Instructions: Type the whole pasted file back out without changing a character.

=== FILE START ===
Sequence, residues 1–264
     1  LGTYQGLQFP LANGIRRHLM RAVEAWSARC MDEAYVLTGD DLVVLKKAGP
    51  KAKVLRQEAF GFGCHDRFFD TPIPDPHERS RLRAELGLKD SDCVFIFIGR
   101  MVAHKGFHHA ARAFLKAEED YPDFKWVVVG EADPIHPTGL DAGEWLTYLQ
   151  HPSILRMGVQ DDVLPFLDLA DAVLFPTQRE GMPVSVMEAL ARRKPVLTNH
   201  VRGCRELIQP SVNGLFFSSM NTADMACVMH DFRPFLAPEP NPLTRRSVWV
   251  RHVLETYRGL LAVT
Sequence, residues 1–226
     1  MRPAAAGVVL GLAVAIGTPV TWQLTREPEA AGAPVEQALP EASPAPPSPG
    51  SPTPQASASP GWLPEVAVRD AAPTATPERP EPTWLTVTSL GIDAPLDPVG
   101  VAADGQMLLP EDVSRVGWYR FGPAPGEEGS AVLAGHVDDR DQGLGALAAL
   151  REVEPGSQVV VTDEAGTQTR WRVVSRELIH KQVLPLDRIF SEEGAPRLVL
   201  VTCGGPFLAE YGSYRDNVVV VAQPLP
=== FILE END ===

Sequence, residues 1–264
     1  LGTYQGLQFP LANGIRRHLM RAVEAWSARC MDEAYVLTGD DLVVLKKAGP
    51  KAKVLRQEAF GFGCHDRFFD TPIPDPHERS RLRAELGLKD SDCVFIFIGR
   101  MVAHKGFHHA ARAFLKAEED YPDFKWVVVG EADPIHPTGL DAGEWLTYLQ
   151  HPSILRMGVQ DDVLPFLDLA DAVLFPTQRE GMPVSVMEAL ARRKPVLTNH
   201  VRGCRELIQP SVNGLFFSSM NTADMACVMH DFRPFLAPEP NPLTRRSVWV
   251  RHVLETYRGL LAVT
Sequence, residues 1–226
     1  MRPAAAGVVL GLAVAIGTPV TWQLTREPEA AGAPVEQALP EASPAPPSPG
    51  SPTPQASASP GWLPEVAVRD AAPTATPERP EPTWLTVTSL GIDAPLDPVG
   101  VAADGQMLLP EDVSRVGWYR FGPAPGEEGS AVLAGHVDDR DQGLGALAAL
   151  REVEPGSQVV VTDEAGTQTR WRVVSRELIH KQVLPLDRIF SEEGAPRLVL
   201  VTCGGPFLAE YGSYRDNVVV VAQPLP